The Hay Library at Western Wyoming Community College and the Arlene and Louise Wesswick Foundation will host the free presentation, “Lies, Damned Lies, and Statistics: Hillary, Trump, Rhetoric & Reality,” on Tuesday, Oct. 18, at 6:30 p.m. in Room 1302.
Presented by University of Wyoming Associate Professor of English Jason Thompson, Ph.D., this non-partisan program will look at the political rhetoric and argumentation that are being used by both major U.S. presidential candidates, and at the ways in which extensive, prolonged media exposure, and the candidates’ entrenched public personas, alter how campaign strategists, party leaders, news networks, and the voting public relate to the candidates and assess their statements, positions and behaviors.
“Each election year, it seems that political speech by party leaders and their surrogates grows louder, more polarized, and more contradictory,” Thompson said. “The job of fact checker – in the past, someone who was assigned to carefully examine the veracity of claims within a written manuscript prior to its publication – is now understood by viewers to be someone chosen to quickly Google a specific claim within a speech or interview immediately after it is broadcast.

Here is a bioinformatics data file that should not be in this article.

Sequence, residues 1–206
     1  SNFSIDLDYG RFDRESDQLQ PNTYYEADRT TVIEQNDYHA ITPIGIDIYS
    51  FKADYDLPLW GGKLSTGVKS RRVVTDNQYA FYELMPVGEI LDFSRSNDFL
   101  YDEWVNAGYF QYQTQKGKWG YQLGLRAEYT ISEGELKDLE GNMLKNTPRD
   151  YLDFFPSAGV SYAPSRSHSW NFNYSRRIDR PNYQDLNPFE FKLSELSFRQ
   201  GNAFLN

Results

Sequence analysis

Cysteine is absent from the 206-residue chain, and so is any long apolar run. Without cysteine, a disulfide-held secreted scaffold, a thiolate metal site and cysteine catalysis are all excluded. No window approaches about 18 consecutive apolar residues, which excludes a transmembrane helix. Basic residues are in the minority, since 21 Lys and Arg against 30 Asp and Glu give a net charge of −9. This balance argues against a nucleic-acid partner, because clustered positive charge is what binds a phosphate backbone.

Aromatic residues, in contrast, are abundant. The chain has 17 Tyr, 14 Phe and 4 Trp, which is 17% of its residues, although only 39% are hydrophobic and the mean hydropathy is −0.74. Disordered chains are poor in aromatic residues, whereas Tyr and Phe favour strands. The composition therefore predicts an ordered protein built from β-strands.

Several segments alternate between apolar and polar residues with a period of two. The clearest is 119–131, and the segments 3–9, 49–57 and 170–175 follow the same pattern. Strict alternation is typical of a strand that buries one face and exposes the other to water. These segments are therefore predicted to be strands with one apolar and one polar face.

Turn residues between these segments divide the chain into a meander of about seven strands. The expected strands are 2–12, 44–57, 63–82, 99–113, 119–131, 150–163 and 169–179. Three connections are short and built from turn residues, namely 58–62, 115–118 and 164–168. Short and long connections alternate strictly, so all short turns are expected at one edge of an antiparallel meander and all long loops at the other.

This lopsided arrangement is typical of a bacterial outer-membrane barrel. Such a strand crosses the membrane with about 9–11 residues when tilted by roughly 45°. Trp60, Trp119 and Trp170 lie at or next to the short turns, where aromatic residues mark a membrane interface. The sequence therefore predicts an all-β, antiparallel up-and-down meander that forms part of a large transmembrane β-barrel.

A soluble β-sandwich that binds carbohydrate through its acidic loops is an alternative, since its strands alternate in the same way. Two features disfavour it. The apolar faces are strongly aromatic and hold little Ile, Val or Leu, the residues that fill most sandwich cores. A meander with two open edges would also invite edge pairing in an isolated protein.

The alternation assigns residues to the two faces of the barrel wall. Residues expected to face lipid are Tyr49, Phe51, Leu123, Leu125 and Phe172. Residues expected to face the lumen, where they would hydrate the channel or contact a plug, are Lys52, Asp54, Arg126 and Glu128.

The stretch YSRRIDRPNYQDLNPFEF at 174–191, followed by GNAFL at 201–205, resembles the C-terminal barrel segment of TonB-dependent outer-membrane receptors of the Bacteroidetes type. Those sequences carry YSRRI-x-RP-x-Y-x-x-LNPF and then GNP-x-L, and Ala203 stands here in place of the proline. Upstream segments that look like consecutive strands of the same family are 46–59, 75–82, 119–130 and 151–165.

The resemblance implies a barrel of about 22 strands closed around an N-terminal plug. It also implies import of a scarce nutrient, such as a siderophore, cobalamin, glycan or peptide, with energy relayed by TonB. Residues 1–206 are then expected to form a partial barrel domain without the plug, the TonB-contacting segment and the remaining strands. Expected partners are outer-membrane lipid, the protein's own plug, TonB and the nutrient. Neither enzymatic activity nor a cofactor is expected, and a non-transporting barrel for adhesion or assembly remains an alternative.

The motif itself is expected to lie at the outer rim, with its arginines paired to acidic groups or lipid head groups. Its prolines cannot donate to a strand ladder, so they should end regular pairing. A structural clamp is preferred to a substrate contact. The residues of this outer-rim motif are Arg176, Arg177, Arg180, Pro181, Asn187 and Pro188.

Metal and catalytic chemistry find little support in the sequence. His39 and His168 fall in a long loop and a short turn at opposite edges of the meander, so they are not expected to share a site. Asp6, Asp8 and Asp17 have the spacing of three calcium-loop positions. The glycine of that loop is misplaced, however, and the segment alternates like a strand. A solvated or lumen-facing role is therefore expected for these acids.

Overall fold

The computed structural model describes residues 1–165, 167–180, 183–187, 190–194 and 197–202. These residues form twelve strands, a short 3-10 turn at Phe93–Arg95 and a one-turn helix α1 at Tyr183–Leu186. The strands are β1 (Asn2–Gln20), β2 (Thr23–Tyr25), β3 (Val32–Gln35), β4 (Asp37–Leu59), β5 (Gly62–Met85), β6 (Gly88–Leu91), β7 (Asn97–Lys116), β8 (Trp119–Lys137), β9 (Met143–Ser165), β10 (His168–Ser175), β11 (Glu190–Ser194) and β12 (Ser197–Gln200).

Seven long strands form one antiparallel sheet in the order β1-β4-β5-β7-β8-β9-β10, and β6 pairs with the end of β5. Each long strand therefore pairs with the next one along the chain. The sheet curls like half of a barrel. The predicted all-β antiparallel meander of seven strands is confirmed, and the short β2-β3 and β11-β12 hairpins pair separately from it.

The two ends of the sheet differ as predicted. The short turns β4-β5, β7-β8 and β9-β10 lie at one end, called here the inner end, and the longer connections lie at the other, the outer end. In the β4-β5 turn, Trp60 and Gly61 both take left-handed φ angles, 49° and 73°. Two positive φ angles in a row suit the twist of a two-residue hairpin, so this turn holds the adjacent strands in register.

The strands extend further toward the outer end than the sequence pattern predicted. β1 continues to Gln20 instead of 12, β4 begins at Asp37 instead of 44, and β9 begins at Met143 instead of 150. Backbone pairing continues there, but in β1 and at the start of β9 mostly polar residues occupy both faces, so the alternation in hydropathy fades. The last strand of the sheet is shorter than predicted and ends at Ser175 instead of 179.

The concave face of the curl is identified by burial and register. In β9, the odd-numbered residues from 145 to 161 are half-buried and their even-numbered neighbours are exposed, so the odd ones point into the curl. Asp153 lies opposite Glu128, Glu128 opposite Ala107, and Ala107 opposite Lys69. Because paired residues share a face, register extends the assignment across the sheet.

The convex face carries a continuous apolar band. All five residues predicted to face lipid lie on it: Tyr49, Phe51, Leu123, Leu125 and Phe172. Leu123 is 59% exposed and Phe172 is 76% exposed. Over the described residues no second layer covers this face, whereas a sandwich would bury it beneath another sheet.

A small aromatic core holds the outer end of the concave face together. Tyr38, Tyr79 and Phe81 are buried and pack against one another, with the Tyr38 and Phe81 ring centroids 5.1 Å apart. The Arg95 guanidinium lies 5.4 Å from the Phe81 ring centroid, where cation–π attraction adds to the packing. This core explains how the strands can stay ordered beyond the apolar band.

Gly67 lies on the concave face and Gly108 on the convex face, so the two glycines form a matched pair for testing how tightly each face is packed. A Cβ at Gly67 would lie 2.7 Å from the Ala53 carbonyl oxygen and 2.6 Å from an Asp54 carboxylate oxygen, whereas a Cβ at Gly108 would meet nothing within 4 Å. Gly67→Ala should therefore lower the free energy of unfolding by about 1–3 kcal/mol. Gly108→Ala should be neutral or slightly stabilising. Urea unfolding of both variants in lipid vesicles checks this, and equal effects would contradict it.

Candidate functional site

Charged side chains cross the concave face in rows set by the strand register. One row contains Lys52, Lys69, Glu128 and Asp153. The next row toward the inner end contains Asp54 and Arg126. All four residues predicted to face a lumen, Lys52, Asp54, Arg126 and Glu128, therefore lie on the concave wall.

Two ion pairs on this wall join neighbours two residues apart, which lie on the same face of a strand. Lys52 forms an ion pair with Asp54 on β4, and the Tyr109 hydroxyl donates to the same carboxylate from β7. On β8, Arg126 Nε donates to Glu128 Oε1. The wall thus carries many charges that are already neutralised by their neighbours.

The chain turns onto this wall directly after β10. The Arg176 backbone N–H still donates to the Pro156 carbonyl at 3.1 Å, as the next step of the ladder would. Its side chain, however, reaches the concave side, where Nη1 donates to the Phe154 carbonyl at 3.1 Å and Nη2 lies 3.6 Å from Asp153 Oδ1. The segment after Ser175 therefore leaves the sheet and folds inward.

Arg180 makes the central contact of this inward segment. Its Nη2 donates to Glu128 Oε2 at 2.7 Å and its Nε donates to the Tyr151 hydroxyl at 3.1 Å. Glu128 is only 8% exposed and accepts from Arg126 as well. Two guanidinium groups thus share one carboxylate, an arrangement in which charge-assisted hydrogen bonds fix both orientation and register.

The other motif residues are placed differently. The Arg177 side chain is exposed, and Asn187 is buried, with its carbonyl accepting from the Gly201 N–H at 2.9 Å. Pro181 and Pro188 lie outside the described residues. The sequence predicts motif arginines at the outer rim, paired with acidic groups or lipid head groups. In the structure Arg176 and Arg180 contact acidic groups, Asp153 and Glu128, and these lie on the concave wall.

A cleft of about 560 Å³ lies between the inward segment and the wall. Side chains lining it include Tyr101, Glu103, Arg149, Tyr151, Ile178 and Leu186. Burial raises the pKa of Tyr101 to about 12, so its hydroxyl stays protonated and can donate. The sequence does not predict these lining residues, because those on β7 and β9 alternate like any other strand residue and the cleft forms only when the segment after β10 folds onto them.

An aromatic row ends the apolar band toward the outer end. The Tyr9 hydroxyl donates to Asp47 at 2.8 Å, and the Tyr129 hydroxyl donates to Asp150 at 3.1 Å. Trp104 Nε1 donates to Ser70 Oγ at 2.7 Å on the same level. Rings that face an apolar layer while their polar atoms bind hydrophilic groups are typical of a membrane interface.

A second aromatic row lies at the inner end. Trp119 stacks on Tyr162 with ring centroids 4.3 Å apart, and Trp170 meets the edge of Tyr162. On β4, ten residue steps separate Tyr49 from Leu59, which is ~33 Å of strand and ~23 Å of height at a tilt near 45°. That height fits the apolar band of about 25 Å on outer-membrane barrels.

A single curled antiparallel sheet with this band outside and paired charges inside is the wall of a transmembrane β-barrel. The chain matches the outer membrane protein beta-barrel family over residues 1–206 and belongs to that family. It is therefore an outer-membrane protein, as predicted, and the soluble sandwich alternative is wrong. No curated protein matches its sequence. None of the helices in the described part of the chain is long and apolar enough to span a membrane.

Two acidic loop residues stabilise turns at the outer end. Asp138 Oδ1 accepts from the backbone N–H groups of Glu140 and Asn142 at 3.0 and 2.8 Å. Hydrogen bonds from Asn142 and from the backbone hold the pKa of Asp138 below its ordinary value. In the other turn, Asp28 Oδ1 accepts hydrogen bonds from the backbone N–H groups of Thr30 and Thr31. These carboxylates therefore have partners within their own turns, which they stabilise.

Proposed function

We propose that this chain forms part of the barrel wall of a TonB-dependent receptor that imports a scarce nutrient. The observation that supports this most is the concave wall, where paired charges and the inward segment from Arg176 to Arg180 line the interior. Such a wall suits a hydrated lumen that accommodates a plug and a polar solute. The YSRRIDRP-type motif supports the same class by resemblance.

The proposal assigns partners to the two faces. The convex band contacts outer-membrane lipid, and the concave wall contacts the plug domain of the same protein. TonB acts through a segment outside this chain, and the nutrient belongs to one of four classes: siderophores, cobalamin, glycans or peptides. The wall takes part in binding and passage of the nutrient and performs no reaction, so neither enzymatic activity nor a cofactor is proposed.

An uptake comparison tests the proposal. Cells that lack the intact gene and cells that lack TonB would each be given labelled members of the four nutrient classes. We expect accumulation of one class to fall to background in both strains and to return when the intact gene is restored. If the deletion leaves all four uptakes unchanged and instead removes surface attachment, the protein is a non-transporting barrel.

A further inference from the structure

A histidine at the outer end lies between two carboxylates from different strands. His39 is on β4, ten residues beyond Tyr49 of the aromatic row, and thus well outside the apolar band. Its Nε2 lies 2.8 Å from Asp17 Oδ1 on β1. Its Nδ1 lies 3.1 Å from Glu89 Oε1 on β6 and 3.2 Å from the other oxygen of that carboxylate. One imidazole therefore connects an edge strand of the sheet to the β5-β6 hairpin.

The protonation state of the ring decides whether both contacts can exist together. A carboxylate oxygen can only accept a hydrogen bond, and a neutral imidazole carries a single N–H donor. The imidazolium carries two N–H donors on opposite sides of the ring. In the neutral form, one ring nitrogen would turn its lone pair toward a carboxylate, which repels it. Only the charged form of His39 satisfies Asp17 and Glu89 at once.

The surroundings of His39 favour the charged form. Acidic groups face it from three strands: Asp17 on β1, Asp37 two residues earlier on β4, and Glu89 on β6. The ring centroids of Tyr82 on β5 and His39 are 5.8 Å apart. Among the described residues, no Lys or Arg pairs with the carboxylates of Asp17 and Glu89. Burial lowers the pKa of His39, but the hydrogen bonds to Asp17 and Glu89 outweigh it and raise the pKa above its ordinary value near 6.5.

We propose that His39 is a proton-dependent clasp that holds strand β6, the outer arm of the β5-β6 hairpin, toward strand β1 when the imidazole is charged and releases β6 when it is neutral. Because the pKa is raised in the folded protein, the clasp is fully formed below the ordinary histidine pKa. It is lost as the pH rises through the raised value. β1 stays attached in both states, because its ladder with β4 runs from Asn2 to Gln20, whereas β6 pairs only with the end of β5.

“However, unlike other presidential cycles, the current one presents two of the most mediated candidates in history,” he continued. “Donald Trump has appeared for 14 seasons on ‘The Apprentice’ and ‘The Celebrity Apprentice,’ and at 185 episodes at 60 minutes per episode, a binge-watcher could begin watching ‘The Apprentice,’ watch it 24 hours per day, and remain seated on the couch for over a week.
"Hillary Clinton spent 12 years as First Lady of Arkansas, eight as First Lady, and has remained in public service since," Thompson noted. "The easily-accessible media of both candidates – video of speeches, transcripts of testimony, printed books, voting records, interviews – serves via branding to authenticate their candidacies and, contrarily, to deconstruct the integrity of their brands.”
Thompson teaches courses in rhetoric and new media, film and media studies, literature, and pedagogy and composition. His academic research focuses on digital humanities, classical rhetoric and rhetorical theory.
The Hay Library and Western Wyoming Community College are pleased to join the Wesswick Foundation in presenting this timely and insightful look at America’s media-driven political process. For more information, contact Hay Library Director Janice Grover-Roosa at (307) 381-1701.